2. On December 30, 1963, plaintiffs duly filed with the District Director of Internal Revenue, Boston, Massachusetts, a claim for refund of the 1960 tax to the extent of $1,250.97, asserting the same reasons therein as are now alleged by them in this timely suit for recovery of the same amount.
3. On November 27, 1964, when plaintiffs' petition was filed herein, the Internal Revenue Service had not acted on the claim for refund.
4. The sum of $1,250.97, claimed by plaintiffs, is that portion of the 1960 tax paid by them, which is attributable to the inclusion in plaintiffs' gross income of $5,790 received by plaintiff Barney Reiffen (hereinafter called plaintiff) during the period January 1, 1960, through August 31, 1960, from the Lincoln Laboratory of the Massachusetts Institute of Technology.
5. Plaintiff had been a practicing electrical engineer since 1951. He graduated from Cooper Union with a B.E.E. degree (Bachelor of Electrical Engineering) in 1949; from Polytechnic Institute of Brooklyn with an M.E.E. degree (Master of Electrical Engineering) in 1953; and from Massachusetts Institute of Technology with a Ph.D. degree in electrical engineering on September 21, 1960. From June 1951 through May 1953 he was employed by Harvey-Wells Electronics, Inc., as an electrical engineer. He was head of the Development Section of Balco Research Labs. from June 1953 to May 1955. Since then, he has been continuously on the staff of Lincoln Laboratory (hereinafter Lincoln) either as a staff member or as a staff associate, as related infra.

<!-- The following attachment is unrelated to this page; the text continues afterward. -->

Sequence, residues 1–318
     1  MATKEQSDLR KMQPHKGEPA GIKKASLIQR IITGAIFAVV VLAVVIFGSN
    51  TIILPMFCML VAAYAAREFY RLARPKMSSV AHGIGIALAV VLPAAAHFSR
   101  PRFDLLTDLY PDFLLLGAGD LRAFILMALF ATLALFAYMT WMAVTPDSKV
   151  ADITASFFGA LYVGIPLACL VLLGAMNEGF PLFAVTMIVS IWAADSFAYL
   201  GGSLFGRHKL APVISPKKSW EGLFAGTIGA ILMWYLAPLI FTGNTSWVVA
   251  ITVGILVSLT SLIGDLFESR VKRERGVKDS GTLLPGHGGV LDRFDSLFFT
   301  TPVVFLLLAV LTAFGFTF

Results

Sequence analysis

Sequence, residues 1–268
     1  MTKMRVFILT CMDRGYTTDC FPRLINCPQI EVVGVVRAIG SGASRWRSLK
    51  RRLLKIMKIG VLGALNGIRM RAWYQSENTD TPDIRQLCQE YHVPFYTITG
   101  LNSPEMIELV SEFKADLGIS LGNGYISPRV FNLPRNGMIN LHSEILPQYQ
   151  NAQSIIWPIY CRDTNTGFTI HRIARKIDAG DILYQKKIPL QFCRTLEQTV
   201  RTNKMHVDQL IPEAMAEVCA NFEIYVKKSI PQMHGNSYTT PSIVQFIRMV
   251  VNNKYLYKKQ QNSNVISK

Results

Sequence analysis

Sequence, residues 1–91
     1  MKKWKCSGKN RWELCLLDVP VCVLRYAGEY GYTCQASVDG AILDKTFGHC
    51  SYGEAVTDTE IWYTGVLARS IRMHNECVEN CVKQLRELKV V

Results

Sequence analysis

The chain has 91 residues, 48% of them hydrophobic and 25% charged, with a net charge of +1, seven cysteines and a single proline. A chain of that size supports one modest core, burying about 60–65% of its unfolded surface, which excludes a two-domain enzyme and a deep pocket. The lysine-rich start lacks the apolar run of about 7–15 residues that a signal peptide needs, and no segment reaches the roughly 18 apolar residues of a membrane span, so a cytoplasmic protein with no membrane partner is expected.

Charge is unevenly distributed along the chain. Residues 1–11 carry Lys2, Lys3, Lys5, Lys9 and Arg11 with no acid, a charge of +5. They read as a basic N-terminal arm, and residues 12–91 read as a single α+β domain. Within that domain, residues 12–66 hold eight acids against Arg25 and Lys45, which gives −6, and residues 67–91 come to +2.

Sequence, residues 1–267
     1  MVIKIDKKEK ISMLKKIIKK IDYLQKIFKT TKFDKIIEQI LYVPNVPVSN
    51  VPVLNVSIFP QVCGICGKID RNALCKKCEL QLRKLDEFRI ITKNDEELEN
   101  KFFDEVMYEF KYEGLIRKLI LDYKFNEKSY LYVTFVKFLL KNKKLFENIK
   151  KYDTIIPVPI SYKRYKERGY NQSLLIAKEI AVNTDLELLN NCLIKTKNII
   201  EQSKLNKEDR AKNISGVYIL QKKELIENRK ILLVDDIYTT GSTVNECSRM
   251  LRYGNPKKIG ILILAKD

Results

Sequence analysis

6. Lincoln is and was operated under contract by the Massachusetts Institute of Technology (M.I.T.) for the United States Army, Navy, and Air Force. Lincoln is located at Lexington, Massachusetts, about 10 miles from the M.I.T. campus at Cambridge, Massachusetts. M.I.T. is an educational institution which maintains a regular faculty and curriculum and has a regularly organized body of students in attendance at the place where its educational activities are carried on. The work of Lincoln consists of programs undertaken in response to requests of Government agencies whose needs coincide with the laboratory's areas of competence, as well as a program of general research. The laboratory is engaged in research and development oriented primarily toward the communications and electronics required in the defense of North America against air attack. The technical program includes electronic and solid state research, component engineering, radar development, microwave studies, investigations of communications and data processing techniques, studies on digital computers, equipment engineering, and systems development.